5 Tips for Killer Hospitality Events

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Hospitality events, long used as fun ways to drive business, are getting bigger plays these days as companies try and spend more “quality time” with prospects, customers and employees.


In the interest of better bonding and greater impact, many event marketers are turning the traditional hospitality events inside out. Some are activating a unique venue. Others are focused on ensuring sales teams get the perfect amount of facetime. And most are trying to create something memorable.


Five Ways to Make Hospitality Events More Unique and Memorable


1. Integrate the Product


Find a way to make the brand or product a part of the event. Example: Volvo Construction Equipment customers who attended the company’s hospitality events at the ConAg/ConExpo trade show witnessed a basketball game played by a backhoe, forklift and 70-ton excavator. The machines passed a ball from one to the other before going in for a slam dunk.


2. The Right Ratio


The goal of hospitality is to bring a company closer to its customers, something that can only be accomplished with the right staff-to-guest ratio. Make sure there are enough staffers on hand and provide activities that allow intimate interaction between customers and staffers. GE Security’s Night at the Races event required customers to team up with their sales reps for the night to compete against other customers and reps. The event included interactive games, virtual horse racing and contests.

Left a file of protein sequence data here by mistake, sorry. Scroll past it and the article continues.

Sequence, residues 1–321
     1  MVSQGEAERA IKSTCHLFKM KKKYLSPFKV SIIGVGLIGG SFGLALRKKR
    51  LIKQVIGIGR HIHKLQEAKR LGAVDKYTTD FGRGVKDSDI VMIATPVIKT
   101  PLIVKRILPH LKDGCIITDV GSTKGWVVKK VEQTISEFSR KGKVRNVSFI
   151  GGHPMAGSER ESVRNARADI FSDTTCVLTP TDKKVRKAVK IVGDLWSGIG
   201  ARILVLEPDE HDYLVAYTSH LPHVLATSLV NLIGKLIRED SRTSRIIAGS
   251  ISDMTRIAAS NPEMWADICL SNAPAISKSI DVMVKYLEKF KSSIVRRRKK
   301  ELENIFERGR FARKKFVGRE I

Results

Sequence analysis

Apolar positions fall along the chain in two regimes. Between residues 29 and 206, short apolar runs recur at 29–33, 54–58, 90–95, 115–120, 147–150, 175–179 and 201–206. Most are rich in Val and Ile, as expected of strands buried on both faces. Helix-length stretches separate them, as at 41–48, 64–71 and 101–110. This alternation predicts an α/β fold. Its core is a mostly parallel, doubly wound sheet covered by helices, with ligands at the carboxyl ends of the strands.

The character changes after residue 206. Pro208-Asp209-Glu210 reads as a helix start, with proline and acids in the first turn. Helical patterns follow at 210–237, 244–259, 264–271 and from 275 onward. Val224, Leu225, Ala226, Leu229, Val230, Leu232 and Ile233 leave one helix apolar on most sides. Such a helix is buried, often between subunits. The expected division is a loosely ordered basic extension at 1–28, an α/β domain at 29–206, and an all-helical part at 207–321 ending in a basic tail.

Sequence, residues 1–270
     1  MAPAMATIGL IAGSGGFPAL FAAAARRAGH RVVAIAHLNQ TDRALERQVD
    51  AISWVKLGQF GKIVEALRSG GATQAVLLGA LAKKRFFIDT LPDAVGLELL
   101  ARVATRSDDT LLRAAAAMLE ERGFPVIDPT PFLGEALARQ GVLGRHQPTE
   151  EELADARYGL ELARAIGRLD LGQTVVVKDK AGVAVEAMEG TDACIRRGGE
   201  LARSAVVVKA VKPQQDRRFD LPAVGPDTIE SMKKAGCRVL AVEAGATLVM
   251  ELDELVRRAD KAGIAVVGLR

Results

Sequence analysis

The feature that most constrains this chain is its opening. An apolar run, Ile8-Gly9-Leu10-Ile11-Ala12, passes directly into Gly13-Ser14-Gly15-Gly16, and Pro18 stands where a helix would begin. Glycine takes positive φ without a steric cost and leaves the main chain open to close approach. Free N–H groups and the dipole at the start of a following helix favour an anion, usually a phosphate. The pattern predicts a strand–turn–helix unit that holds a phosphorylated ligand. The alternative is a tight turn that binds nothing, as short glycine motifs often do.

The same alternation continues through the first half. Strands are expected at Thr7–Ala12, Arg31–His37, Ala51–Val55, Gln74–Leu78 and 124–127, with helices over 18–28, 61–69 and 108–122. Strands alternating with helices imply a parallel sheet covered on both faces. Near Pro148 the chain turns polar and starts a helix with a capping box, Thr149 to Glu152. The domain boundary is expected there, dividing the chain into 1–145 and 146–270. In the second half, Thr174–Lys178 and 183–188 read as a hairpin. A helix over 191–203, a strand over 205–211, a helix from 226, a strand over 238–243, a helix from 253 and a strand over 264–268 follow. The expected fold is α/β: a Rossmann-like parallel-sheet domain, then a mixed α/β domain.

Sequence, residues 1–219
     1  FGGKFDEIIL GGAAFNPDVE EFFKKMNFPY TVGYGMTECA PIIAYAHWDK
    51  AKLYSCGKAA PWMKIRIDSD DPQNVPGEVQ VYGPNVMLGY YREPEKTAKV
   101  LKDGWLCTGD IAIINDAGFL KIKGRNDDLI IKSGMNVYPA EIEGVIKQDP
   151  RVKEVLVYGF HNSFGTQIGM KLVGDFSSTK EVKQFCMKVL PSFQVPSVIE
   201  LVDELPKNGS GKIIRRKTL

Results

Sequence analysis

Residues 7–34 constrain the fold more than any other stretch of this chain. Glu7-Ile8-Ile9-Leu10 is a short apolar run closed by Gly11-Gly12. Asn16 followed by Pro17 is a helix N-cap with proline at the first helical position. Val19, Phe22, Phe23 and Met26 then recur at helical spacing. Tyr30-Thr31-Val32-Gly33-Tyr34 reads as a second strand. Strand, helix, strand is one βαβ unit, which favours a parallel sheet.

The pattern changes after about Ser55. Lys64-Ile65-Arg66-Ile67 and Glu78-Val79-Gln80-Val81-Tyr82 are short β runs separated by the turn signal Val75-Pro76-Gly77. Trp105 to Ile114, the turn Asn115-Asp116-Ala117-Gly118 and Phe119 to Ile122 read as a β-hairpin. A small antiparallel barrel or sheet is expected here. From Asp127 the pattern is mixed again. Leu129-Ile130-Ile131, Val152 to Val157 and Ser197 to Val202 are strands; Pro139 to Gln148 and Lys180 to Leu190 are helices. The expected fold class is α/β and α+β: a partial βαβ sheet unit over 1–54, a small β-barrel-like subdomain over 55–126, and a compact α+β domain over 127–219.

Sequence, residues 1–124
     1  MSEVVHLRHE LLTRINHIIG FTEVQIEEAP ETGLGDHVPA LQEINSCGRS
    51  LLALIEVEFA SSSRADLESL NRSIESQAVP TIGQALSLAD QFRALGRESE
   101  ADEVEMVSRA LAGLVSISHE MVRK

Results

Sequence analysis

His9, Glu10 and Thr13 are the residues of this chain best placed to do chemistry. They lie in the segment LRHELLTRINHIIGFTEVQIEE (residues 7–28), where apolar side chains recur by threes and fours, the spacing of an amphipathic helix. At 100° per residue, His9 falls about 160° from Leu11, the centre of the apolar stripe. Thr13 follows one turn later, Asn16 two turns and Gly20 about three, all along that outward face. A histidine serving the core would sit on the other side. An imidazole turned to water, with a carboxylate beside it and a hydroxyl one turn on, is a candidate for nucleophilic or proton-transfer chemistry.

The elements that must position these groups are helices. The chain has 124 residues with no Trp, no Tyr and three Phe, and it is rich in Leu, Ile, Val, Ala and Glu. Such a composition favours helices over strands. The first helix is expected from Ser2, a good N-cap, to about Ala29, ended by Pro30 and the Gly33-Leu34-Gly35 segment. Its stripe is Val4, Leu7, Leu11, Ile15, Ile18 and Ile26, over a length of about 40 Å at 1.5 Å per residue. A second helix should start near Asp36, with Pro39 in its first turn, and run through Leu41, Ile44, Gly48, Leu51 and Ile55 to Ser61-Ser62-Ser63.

3. Make the Experience Timely


Tie the event theme to the location it’s taking place in, the city—even the weather or season. Using a basketball game to demonstrate Volvo’s heavy machinery was a perfect fit because the event was held at the same time as the NCAA men’s college basketball March Madness tournament.


4. Leverage Other Assets


Take advantage of properties and venues your company may already have ties to. IBM once brought PGA IT pros (from Big Blue’s golf sponsorship portfolio) to trade shows for chalk talks, and Coke treated event attendees to a concert by American Idol Kelly Clarkson; both were facilitated by the companies’ existing sponsorships.


5. Pace It


Many events provide actual “intermissions” between experiences—using breaks or lulls in the schedule to give attendees a chance to discuss what they just experienced. Others keep things moving right along but make sure they include breaks for peer-to-peer dialog and sales staff interactions.



Posted by Kristy Elisano | Request as a Speaker

Caffeine dependent Jersey girl. Northeast powder hound. Inspired by creative risk takers and underdogs. VP Marketing, Doodle owner and cocreator of my daughter.